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  The Pearl Poet
珍珠詩人
圖片來源:http://faculty.virginia.edu/engl381ck/three.html
主要文類:Poem
資料提供者:Cecilia Liu/劉雪珍
關鍵字詞:The anonymous alliterative porms;Allegory;English Literature I:the Medieval Period;English Literature and Culture From Medieval Period to the Eighteenth Century;Medieval English Literature & Culture, Spring 2002

The Pearl Poet

The Pearl Poet

 

Provider: 劉雪珍/ Cecilia Liu

   

The Anonymous Author of Sir Gawain and the Green Knight

  Very little is known of the anonymous author of Sir Gawain and the Green Knight, but most scholars agree on two facts: he lived during the fourteenth century, and he lived in the area of England known as the Northwest Midlands (present-day Lancashire, Derbyshire, and Yorkshire). The language of the poem seems to indicate his geographic origin, as it contains many northerly features of Middle English ­ certain words and spellings, as well as unusual pronunciations necessary to maintain the poem's rhyme. The one manuscript in which Gawain is found dates from the late fourteenth century and contains three other poems very similar in style and subject matter.

A closer look at these three poems provides further internal evidence that suggests something about the life of the author. Most likely, he lived in a rural area which allowed him to observe and appreciate nature. Gawain is filled with beautiful passages describing nature in all her seasons, and a familiarity with the country is immediately evident frozen waterfalls, storms, dewy leaves are all illustrated in a strikingly realistic fashion. But at the same time, the author exhibits a detailed familiarity with many aspects of medieval aristocratic life. He meticulously uses very technical language to describe things like armor and weaponry (on both the Green Knight and Gawain), the architecture of a castle (at the end of Fitt II, when Gawain finds Bertilak's castle), the hunter's process of dividing a deer's body (Fitt III), even the dialogue and sentiment of courtly love (Fitt III, between Gawain and the lady). All these detailed, technical passages suggest that the author of Gawain knew and encountered to some extent the medieval aristocratic life of which he wrote.

But this rural, educated poet was evidently not famous enough to preserve his name. Other works attributed to him include the three poems found in the same fourteenth-century manuscript as Gawain: Pearl, Purity, and Patience. Another poem sometimes attributed to the Gawain-poet (though with more controversy) is St. Erkenwald. All five of these poems are similar in their style and theme; though the stanza structure varies among the poems, they all exhibit the same northern dialect and the same colorful use of the Middle English alliterative tradition. But perhaps the most important unifying factor is their religious theme, which ultimately reveals the traditional medieval outlook of their anonymous author.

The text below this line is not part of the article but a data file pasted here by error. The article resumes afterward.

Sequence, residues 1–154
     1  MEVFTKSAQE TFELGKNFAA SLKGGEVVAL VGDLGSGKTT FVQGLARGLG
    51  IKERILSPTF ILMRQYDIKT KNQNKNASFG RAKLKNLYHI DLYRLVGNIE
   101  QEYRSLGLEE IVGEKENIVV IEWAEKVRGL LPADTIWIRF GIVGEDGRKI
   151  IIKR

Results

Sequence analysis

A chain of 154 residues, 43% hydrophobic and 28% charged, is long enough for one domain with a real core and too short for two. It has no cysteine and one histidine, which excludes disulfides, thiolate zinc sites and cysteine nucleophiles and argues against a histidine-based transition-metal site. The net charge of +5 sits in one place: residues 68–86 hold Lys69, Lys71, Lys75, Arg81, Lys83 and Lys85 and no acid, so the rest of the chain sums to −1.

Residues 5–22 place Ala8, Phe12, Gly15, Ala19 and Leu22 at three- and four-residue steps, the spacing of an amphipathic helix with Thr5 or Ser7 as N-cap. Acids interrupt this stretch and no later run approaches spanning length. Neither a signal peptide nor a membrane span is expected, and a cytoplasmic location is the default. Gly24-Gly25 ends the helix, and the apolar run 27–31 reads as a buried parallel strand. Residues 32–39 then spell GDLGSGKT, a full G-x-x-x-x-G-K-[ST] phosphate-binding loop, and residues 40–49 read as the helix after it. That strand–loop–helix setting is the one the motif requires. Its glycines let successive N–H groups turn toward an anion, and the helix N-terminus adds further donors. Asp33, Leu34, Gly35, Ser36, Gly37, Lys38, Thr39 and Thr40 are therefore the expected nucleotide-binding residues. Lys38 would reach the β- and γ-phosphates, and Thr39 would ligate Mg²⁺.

In this sense, it is best of compare the works of the unknown Gawain-poet with that of his closest contemporary, Geoffrey Chaucer. John Gardner considers these two the greatest English poets of the fourteenth century, but ranks Chaucer much higher in skill and accomplishment. He writes that "the Gawain-poet lacks Chaucer's moral complexity, lacks Chaucer's fascination with men unlike himself and the psychological insight that goes with that fascination, and lacks Chaucer's philosophical and artistic eclecticism" (Gardner 3). Whereas Chaucer anticipated the Renaissance with his essentially humanistic vision, viewing the intrinsic worth of each individual, the Gawain-poet adhered to a medieval vision of humanity. In this vision, each human was less a product of individual, unique traits and thoughts than a member of one race, situated between divinity and Nature and forced to contend with a universal sense of morality to achieve salvation. Chaucer's emphasis on religion was hardly simplistic, in fact often cynical. But for the Gawain-poet, religion and morality were the means by which mankind tempered his Nature and came closer to approaching God. It is this central belief, found in all his poems, that roots him squarely in the medieval Christian tradition. Perhaps the Gawain-poet's exclusion of a modern humanism ultimately led to his anonymity. For unlike the egoistic humanist Chaucer, who frequently mentioned himself by name in his works, the Gawain-poet maintained a traditionally medieval distance from his poems, never inserting his own perspective into the narrative. Had he but done this, perhaps we would know his identity today.

 

 
  (Source: Gradesaver)

(external)  English Literature I: the Medieval Period;English Literature and Culture From Medieval Period to the Eighteenth Century

 
   
     

 

 

 

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